Bulb Archived: Southside Occupational Collaboration Laboratory 2016-2017: Sullivan, Radomski, Mannebach & Juras

2016-2017 Collaboration Laboratory

Please respond to the prompts below with your partner. You can upload images, videos and weblinks to enhance your responses to the prompts.

1) Big Idea:

Absence and Presence

2) Inquiry:

How does one respond to an absence in a community and how does the community adapt?


3) Academic Content:

Environmental Science Competencies: 

-Illustrate or name the stages in the life cycle of a plant, person, or animal

4) Artistic Discipline(s):

Drawing, Painting, Sculpture (clay), Installation

5) Standards Addressed: (Common Core, Next Generation Science, National Core Arts):

Please insert your response here.

6) What is the context of your school, school neighborhood, or classroom that led you to do this project? (100 words or less)

The students had experienced personal losses the prior year and we wanted to respond to the fear, sadness and anxiety that students felt about members of their community passing away. A project plan developed around the idea of legacy, personal symbols, and community.

7) How many years have you worked together as partners?

This is our second year.

8) What surprised you during the project?

JENNIFER: I was surprised by how opinionated many of the students were when we voted on various aspects of our project, such as shape and placement.

STEVE: I was surprised by how the students transformed their drawings on paper to marks and textures in clay. It was a really impressive moment of self-expression and empowerment.

Ms. Radomski takes students’ votes on the shape of the final pieces

GLENNA: (translation from presentation to drawing to clay to final presentation)


9) What worked in this project and why?

JENNIFER: The initial time spent getting to know each other, through stories or ideas represented by personal objects, was very beneficial. Also, we gave a presentation about symbols, the students spent time drawing various possibilities for their own personal symbols; they successfully translated these drawings into clay tiles. The personal connection they felt was evident when they later spoke to the class about them.

STEVE: Although not entirely conscious of it at the time, we moved through a representational mode of expression (students brought in objects important to them) to a more abstract one (creation of personal symbols). I think this process was really helpful because the students were able to see themselves and their classmates in a new and different way.


10) What didn’t work and why?

The plan for the final installation did not happen, and we had to scramble at the last minute to find a way to display the work. In the future we will have to work on communicating much more closely with the principal/administration in the beginning stages. Although there was disappointment that the project did not end up being site specific as planned, there was still a fantastic response from the students as they were able to express a great deal in the work they created, and they really connected with the process.

11) What was your approach to assessment?

When each student individually spoke to the class about their tile, it became apparent that most not only understood the meaning of that aspect of the project, but were able to express it. This group activity was  a means of assessment.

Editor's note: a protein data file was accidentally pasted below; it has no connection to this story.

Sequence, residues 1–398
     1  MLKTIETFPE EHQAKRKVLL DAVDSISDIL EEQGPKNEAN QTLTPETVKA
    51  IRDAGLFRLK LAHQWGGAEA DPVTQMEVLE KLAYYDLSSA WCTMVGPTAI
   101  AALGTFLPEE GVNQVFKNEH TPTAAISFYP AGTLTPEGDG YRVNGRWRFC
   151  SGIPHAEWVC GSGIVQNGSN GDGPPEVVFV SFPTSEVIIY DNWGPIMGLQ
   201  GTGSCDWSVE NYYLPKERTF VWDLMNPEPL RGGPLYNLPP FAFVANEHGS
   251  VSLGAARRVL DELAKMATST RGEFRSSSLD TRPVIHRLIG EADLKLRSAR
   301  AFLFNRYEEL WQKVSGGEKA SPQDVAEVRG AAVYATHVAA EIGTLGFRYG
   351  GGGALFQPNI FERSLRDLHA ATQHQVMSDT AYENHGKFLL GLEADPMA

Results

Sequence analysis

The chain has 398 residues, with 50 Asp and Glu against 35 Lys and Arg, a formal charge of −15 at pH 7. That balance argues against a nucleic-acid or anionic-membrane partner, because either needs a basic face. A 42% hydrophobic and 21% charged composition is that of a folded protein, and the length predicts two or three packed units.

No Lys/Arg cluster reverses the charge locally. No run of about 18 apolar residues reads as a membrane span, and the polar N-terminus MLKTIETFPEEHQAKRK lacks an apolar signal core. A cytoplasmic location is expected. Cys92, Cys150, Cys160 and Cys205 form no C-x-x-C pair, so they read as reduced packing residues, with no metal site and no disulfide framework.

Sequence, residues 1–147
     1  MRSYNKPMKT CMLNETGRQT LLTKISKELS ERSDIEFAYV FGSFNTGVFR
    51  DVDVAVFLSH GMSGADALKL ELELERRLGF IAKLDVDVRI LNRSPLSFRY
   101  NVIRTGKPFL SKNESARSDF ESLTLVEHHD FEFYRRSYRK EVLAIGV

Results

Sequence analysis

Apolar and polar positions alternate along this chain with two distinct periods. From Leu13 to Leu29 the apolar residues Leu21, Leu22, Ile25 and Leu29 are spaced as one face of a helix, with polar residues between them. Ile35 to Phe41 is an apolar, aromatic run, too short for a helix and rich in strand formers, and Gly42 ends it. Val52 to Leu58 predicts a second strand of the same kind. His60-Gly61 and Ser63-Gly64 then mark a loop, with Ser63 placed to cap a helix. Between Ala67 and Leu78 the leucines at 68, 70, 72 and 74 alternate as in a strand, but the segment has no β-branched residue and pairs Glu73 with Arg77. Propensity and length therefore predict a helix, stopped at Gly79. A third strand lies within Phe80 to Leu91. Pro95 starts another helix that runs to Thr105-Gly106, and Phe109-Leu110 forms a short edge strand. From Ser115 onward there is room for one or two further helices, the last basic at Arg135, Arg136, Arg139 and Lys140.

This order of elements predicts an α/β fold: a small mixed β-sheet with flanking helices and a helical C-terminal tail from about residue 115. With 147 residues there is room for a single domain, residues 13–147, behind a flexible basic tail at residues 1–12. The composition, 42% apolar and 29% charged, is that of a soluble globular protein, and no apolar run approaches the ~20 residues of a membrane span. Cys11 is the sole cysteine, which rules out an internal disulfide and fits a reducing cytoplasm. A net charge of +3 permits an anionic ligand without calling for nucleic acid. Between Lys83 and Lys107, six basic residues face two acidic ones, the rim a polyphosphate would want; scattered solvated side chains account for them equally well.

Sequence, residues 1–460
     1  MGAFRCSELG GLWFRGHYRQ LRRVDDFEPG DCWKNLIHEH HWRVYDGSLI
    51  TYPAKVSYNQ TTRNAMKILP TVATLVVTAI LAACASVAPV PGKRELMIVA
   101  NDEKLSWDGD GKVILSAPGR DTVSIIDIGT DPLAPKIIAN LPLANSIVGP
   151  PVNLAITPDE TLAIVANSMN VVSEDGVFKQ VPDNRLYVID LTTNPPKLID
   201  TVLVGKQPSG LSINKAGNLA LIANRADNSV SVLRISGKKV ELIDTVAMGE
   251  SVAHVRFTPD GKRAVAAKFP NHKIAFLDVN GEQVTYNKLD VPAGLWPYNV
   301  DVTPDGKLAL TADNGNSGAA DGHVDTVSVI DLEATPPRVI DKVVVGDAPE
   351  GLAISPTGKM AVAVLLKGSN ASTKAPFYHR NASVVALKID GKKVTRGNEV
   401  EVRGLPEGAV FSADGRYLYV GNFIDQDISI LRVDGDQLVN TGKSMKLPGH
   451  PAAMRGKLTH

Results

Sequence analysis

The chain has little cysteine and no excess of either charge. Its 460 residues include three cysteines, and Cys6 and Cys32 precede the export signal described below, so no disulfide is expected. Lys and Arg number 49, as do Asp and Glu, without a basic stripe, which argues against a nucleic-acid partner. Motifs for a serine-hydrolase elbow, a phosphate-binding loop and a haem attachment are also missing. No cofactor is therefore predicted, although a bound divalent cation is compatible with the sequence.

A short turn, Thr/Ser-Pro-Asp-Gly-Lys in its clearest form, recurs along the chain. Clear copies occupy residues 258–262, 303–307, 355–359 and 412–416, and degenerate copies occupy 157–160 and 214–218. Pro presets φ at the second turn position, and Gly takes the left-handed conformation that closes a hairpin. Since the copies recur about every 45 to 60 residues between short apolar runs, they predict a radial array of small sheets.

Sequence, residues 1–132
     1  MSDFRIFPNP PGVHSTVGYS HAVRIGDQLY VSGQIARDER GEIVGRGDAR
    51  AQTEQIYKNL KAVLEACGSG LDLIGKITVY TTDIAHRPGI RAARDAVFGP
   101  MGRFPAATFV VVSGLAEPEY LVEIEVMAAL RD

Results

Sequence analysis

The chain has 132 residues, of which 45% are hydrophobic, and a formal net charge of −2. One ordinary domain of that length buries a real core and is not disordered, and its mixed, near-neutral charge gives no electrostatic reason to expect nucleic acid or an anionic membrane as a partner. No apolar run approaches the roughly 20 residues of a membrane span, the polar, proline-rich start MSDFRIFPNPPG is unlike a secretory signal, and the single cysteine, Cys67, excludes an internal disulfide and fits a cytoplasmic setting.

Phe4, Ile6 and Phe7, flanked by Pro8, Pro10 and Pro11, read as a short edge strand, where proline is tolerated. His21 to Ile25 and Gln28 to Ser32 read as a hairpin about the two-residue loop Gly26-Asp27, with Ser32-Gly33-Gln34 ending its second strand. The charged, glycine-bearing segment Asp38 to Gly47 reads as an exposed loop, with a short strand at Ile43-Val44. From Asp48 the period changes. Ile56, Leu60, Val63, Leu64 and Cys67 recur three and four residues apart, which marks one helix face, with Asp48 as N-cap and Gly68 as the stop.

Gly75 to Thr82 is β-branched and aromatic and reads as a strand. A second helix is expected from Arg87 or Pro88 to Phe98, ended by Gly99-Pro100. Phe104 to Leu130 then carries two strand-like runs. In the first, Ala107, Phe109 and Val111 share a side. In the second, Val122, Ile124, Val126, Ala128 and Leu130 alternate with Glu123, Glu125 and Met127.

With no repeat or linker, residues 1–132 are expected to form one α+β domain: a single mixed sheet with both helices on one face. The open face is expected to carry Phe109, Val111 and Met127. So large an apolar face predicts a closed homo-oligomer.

At the beginning of the planning process, we discussed using this project as a means of increasing students’ communication. We thought we would do this through a process similar to an art critique and were pleasantly surprised when students were engaged with each other during their presentations; students initiated questions and comments toward one another. Some students were prompted with more evaluative questions to encourage more communication during presentations.

Throughout the art sessions, impromptu questions about students’ materials, designs, and project ideas were asked by each of us as well as support staff. Jennifer and Steve worked with students to question the intent of their designs and then help them take their designs further or make them more complex.

Carlos is a fan of football and Comedy Central.
Jennifer shares her fondness for the Cubs (and her friend, Carlos).
Thomas is a big-time bowler.

12) Think back to what you each hoped to learn from this collaboration. What did you learn and how? Discuss how you supported each other’s goals.

While reflecting as a group, we found the following elements supported our collaboration:

-The space: the art classroom is spacious with four tables, a back room with a kiln, clay and all art-making materials. We found this space facilitated increased engagement by having one of us at 

First day: Sharing something personal from our lives

Prior collaboration between students: science and art met 

13) How did the collaboration challenge your understanding of teaching, learning, and art-making?

Reflective Thoughts: 

-Name tags paired with student work–how do we balance the desire for the students to take ownership and pride in their work publicly displayed while encouraging them to create components for a piece that is collaborative.

If we were to work together for a third year, we would…

-Bring together the fluidity of last year and the direction of this year